Three-year-olds are curious, creative, and independent. But they can also be a handful. Mighty Mommy has 5 tips to help you embrace this challenging stage of toddlerhood.
I recently attended a holiday gathering with my family and had the joy of interacting with dozens of children who were much younger than my brood.
While raising my 8 kids I can remember vividly sweating it out during many a function when one of my then toddler-aged tots would have a meltdown over not getting the cupcake frosting of his choice or being told that she couldn’t water the silk flower arrangement with her sippy cup.
In the heat of the moment, we parents work fast and furiously to defuse these “time bomb” moments. Sometimes we succeed, but often our best efforts fall short and the toddler’s cranky behavior can overpower even the most patient parent.
As my family of tweens and teens partied politely and independently, other guests were juggling babies, toddlers, and preschoolers in various states of dismay and disarray. I admit I felt a bit smug being able to hold a conversation and a cup of hot cocoa effortlessly while my neighbor with 3-year-old twins hadn’t even had breakfast yet. Exasperated when one of them started pulling ornaments off our host’s Christmas tree she yelped, “I thought the terrible twos were bad. They were nothing compared to this!"
Yep, it turns out, the threes are far worse!.
Mighty Mommy has been there, done that 8 times over and I can honestly say that the age of 3 is the most daunting and exhausting of all - far worse than the terrible two stage we all fear so much. Three-year olds are inherently curious and ready to explore and conquer the world on their terms. As overwhelming as this can be, it’s also a wonderful time as they blossom into amazingly independent little beings.
Mighty Mommy has 5 tips to help you embrace this challenging stage of toddlerhood:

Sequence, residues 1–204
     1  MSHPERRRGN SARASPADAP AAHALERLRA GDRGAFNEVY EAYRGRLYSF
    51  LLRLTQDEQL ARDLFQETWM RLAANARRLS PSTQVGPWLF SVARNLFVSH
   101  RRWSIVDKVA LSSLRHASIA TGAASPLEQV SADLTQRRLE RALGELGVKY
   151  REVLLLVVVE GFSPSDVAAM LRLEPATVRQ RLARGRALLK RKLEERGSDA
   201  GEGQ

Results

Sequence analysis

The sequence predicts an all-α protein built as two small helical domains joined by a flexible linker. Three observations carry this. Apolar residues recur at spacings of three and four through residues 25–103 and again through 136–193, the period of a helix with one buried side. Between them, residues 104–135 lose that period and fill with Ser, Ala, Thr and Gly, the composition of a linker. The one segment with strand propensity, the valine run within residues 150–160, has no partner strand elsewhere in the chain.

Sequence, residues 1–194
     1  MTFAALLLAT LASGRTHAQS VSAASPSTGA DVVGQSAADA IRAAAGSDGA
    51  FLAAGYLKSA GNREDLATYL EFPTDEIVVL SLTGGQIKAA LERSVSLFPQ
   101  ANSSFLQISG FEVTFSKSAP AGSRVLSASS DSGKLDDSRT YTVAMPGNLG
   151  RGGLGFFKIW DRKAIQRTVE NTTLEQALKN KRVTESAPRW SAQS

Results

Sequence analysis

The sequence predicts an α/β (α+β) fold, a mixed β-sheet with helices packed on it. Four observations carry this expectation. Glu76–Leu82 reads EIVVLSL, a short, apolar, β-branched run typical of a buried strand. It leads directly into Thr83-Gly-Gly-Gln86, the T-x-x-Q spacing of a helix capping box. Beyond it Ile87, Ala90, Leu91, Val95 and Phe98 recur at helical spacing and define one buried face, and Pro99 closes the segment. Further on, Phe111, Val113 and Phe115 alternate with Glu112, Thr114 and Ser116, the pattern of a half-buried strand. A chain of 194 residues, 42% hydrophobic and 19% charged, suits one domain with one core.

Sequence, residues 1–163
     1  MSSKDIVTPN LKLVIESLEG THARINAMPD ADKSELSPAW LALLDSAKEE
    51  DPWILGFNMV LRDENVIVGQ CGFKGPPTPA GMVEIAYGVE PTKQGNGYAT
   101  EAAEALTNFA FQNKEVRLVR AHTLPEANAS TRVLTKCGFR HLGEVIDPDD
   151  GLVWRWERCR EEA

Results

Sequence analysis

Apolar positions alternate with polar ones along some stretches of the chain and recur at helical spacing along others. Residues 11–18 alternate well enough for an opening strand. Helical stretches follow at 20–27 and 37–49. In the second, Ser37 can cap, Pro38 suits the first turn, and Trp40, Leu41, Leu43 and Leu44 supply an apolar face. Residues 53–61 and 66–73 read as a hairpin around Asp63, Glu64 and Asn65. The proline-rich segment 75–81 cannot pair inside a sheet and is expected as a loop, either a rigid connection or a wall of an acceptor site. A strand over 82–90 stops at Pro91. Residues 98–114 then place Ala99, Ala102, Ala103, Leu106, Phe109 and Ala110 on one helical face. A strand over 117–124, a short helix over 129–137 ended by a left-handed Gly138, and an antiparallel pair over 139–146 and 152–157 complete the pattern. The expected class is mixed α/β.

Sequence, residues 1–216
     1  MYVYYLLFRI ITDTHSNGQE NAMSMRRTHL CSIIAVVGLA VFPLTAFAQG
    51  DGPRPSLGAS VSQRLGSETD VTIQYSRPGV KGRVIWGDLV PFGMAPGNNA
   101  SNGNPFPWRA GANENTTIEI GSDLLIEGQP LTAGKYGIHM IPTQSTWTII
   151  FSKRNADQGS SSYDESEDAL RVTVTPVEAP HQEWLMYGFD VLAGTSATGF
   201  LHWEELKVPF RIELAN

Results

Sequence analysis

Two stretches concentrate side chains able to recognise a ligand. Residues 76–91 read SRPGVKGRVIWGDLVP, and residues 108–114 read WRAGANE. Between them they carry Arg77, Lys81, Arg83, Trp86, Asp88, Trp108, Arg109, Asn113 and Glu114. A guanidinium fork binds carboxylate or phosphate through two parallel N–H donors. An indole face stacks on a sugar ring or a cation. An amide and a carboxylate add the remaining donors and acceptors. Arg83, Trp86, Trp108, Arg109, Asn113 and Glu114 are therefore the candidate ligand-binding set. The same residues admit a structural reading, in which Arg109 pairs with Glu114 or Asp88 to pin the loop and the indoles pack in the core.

Tip #1: Understand What Your Three-Year Old’s Job Is
In order to help maintain my sanity while raising 8 kids so close in age, I developed a mindset that at each age, each child had a specific job to do (other than pushing my buttons). Three-year-olds are explorers.
They are constantly developing new skills, such as a better understanding of using language and engaging in conversations. They start to recognize letters in books and their imaginative play begins to blossom. Showcasing their independence is the name of their game, so stubbornness and tantrums are just a normal part of the package. Knowing that your 3-year-old is going to be curious and adventurous can be part of the solution when trying to combat poor behavior.
See also: 6 Tips for Handling a Defiant Toddler
For instance, if you have a playdate scheduled at a friend’s house, don’t expect that your 3-year-old will sit quietly and color or play blocks while you and his friend’s mom peacefully chat over coffee. That's a pipe dream.
Instead, anticipate that he’s going to want to roam and investigate his new territory a bit before settling down to play. Rather than starting the playdate by forbidding him to move from the designated play area, take him around to check out a couple of spaces where it's OK for kids to play in. This gives the young explorer a little control over his new environment because you’re not limiting him to a table with a box of crayons.
Tip #2: Choose Your Battles
Let's say you're out in public and your son is actively picking his nose. What's your first reaction? Probably to hiss, “Don’t pick your nose. That’s a yucky thing to do!" Or let's say your daughter chooses to wear wool tights with a pair of shorts to her grandmother's birthday party rather than the cute skirt you picked out for her. What do you do?
Obviously you want your child to be as well-mannered, appropriate, and socially conscientious as possible, but not every moment is a teachable moment. If it’s something minor and safety isn’t a concern, let it go. Learn to pick and choose your battles. If you can ignore some of the minor stuff, you’ll eliminate a lot of your own stress. Obviously you can’t ignore bad behaviors and habits that are inappropriate, but try letting go of the small annoyances.
This method has an extra added bonus: When you stop bringing negative attention to these small matters, eventually they will work themselves out. Let's face it, the more you fight your daughter on wearing her cute pajamas to school, the more she’s going to want to do it.